Saturday, July 19, 2014

Myth-Folklore Unit: Eskimo Folk Tales

Overview. These Canadian Inuit stories were recorded by the polar explorer Knud Rasmussen (whose mother was Inuit) in the early years of the 20th century; his Inuit name was Kunúnguaq. Rasmussen grew up in Greenland among the Kalaallit Inuit speaking the Kalaallisut language, and he spent his life investigating the origin and culture of the Inuit peoples. He published many books about his expeditions and research; Eskimo Folk-Tales was published in 1921, and it contains illustrations by Inuit artists. You will read here about the shamans and their adventures in the spirit world, including encounters with the tupilak (zombies), man-eaters, and ghosts. There are stories of family drama, too, along with animal tales and the Inuit creation story about how the world began.

Language. Rasmussen reports these stories in a style quite close to the original oral style, not quite as extreme as the Apache stories, but close to it. If you want to read stories that are close to the original oral storytelling tradition, this unit and the Apache unit are two good choices. The names are quite unusual, but as the names do not recur from story to story, that should not be a big problem for any given story.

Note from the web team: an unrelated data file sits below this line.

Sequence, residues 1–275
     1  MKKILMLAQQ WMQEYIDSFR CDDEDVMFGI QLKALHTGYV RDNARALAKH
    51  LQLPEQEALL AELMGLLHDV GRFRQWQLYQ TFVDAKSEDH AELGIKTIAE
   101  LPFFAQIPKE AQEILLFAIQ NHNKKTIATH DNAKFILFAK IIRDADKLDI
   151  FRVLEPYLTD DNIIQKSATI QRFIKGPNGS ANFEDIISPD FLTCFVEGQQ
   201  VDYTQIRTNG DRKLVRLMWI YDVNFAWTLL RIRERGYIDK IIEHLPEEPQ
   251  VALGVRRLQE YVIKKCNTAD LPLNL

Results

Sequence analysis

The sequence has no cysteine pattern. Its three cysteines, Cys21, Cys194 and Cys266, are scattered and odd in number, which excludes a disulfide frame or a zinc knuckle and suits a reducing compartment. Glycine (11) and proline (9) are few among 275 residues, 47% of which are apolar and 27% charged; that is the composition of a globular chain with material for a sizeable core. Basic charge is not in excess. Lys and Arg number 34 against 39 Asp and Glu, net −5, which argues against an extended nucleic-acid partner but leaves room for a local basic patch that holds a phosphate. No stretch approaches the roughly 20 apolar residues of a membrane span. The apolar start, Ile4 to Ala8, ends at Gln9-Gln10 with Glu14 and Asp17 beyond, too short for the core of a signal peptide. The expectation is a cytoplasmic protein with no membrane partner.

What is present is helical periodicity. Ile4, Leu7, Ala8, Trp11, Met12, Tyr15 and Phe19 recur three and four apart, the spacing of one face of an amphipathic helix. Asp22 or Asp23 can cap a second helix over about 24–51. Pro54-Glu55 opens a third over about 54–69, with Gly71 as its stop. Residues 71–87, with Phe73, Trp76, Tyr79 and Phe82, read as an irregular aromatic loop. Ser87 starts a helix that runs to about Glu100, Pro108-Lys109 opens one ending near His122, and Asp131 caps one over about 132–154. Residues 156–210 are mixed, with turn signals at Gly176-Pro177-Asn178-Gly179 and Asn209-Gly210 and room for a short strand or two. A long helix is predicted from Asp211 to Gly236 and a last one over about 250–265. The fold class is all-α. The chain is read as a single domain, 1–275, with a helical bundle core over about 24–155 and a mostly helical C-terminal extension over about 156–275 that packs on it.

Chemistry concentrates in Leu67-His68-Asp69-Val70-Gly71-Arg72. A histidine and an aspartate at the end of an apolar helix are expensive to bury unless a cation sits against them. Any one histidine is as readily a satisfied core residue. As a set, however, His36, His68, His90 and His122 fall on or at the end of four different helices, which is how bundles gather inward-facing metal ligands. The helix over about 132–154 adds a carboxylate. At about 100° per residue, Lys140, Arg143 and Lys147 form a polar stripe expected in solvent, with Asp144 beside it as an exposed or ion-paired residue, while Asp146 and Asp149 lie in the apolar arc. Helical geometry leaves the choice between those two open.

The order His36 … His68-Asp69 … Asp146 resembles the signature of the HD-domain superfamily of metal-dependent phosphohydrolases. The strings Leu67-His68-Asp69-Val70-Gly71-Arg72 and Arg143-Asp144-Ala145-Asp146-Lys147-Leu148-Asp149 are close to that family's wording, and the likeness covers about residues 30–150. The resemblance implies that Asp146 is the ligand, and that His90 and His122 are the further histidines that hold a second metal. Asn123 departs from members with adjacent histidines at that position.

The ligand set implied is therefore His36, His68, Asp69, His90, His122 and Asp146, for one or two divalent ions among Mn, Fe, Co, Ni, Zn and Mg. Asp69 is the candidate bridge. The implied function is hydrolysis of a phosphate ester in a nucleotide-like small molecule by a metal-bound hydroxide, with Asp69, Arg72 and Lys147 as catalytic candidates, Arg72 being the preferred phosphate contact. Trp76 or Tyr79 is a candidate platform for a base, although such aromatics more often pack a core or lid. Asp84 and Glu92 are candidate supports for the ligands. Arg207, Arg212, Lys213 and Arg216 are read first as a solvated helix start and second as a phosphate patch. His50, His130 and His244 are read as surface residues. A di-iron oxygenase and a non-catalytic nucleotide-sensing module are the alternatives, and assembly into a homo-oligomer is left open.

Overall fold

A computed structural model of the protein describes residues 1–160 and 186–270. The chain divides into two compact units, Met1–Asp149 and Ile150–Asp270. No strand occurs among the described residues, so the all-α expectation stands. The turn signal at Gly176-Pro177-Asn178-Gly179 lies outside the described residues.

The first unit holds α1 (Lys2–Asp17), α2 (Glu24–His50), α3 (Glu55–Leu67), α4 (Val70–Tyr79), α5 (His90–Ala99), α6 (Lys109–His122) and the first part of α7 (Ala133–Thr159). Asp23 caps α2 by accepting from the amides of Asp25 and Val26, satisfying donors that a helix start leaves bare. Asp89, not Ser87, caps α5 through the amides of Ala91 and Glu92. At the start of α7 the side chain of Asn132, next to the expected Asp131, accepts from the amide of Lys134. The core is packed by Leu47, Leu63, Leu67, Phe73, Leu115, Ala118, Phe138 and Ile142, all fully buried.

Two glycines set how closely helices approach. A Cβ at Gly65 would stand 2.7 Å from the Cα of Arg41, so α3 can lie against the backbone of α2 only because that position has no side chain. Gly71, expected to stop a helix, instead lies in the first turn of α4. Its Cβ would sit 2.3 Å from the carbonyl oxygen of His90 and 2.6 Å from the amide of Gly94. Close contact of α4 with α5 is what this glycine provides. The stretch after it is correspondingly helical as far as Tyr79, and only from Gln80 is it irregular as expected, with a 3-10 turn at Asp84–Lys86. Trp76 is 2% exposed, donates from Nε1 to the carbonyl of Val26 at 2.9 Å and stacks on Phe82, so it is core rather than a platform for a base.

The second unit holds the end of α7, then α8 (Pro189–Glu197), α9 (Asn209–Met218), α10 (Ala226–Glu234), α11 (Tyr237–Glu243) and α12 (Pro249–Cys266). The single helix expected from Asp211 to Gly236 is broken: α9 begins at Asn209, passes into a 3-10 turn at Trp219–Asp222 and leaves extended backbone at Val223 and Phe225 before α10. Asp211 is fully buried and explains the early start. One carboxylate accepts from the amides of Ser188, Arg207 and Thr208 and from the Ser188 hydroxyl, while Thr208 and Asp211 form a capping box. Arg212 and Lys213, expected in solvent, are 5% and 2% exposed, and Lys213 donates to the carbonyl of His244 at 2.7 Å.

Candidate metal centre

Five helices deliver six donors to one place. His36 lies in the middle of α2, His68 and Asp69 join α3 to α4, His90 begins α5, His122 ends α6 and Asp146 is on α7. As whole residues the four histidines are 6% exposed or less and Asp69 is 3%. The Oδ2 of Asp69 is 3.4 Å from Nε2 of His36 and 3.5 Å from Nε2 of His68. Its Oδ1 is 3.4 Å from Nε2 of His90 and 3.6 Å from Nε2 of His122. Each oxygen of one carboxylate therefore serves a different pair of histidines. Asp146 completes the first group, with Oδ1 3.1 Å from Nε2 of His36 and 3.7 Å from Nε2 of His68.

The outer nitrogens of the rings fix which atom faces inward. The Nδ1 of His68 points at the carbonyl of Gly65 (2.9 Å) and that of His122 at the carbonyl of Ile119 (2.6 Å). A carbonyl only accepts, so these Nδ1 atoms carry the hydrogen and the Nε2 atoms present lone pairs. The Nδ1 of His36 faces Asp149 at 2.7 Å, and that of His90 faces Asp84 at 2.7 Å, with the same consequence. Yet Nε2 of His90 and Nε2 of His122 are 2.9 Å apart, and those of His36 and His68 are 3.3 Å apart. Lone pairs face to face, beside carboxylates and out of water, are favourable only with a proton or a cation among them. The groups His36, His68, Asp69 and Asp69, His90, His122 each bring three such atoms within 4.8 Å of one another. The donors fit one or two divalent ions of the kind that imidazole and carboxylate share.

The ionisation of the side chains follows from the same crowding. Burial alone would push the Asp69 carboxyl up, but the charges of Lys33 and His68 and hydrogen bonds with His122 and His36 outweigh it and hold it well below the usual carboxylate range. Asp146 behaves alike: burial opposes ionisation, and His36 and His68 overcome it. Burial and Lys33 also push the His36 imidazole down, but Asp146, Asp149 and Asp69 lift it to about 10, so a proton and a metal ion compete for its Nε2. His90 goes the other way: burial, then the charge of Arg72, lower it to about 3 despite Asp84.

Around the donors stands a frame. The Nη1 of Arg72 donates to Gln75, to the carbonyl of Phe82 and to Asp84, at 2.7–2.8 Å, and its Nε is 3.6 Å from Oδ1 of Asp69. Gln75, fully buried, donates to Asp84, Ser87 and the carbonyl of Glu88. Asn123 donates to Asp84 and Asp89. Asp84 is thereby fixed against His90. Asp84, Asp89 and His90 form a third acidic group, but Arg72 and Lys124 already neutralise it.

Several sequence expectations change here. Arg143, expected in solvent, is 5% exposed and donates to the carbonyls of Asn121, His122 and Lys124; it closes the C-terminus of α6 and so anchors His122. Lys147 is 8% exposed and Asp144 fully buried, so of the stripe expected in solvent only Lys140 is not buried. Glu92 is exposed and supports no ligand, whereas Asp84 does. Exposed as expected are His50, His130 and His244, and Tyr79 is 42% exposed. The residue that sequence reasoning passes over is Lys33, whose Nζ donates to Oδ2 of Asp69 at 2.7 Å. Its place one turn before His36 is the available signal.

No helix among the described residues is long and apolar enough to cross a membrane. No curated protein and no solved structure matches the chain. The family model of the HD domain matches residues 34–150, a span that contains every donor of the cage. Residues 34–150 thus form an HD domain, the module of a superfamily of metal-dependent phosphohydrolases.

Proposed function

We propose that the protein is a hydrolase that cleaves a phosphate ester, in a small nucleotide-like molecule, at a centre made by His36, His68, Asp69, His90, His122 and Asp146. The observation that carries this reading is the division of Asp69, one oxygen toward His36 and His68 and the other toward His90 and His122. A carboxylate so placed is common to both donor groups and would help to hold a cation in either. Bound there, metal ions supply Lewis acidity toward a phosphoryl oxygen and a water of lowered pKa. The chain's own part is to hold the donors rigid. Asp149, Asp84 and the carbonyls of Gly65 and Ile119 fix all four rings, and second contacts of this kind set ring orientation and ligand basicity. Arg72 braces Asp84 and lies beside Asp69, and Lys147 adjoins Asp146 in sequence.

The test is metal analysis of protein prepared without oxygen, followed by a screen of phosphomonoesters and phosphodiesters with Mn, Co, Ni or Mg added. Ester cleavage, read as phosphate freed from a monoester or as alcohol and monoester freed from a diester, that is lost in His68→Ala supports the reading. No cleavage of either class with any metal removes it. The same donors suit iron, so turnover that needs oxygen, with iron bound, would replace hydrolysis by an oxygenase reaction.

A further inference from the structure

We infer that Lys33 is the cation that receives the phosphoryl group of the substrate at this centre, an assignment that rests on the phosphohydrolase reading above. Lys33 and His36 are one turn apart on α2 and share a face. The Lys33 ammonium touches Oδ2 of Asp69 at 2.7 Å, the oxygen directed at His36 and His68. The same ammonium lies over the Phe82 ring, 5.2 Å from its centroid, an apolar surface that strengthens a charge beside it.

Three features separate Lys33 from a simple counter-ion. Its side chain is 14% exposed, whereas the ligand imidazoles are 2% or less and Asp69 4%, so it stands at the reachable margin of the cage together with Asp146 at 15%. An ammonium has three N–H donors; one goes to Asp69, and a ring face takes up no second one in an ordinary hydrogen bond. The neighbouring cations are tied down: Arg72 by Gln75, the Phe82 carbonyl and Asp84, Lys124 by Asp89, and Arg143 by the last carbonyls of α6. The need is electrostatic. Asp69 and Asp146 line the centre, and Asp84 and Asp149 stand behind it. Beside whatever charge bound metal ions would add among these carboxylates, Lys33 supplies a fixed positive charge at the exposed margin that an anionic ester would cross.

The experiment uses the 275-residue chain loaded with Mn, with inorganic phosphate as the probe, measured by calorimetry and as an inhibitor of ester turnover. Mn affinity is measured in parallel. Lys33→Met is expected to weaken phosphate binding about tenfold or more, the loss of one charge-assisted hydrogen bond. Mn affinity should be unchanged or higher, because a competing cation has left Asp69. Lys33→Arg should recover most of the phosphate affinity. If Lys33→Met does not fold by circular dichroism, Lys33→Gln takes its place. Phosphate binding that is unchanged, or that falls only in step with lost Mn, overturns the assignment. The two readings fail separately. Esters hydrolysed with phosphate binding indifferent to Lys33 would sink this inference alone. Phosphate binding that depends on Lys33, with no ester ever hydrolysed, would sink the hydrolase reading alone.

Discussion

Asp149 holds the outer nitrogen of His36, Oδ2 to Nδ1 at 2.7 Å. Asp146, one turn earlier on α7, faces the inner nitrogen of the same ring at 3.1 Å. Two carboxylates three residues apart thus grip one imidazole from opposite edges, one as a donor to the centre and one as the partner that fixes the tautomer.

Story Length. These are all single-page stories.

Navigation. You will find the table of contents below, and you can also use this link to see the story posts displayed on two pages total: Eskimo Folk Tales. Click "Older Posts" at the bottom of that page to see the second page.



READING A:
  1. The Coming of Men, A Long, Long While Ago
  2. Nukúnguasik, who Escaped from the Tupilak
  3. The Woman Who Had a Bear as a Foster-Son
  4. Qalagánguasê, Who Passed to the Land of Ghosts
  5. Isigâligârssik
  6. The Insects that Wooed a Wifeless Man
  7. Makíte
  8. Atungait, Who Went A-Wandering
  9. The Giant Dog
READING B:
  1. Papik, Who Killed His Wife's Brother
  2. Pâtussorssuaq, Who Killed His Uncle
  3. The Wife Who Lied
  4. The Eagle and the Whale
  5. Atdlarneq, The Great Glutton
  6. Ángángŭjuk
  7. Âtârssuaq
  8. Tungujuluk and Saunikoq
  9. Kánagssuaq


No comments:

Post a Comment

Comments for Google accounts; you can also contact me at laura-gibbs@ou.edu.